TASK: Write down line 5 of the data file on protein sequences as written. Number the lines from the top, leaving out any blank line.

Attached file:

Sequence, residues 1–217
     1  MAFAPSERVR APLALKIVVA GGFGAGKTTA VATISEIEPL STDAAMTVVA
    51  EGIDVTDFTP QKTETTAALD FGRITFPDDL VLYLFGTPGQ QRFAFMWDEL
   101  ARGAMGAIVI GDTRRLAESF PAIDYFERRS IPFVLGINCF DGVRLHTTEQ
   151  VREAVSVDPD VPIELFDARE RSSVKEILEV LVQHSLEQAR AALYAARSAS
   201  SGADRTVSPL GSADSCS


   151  VREAVSVDPD VPIELFDARE RSSVKEILEV LVQHSLEQAR AALYAARSAS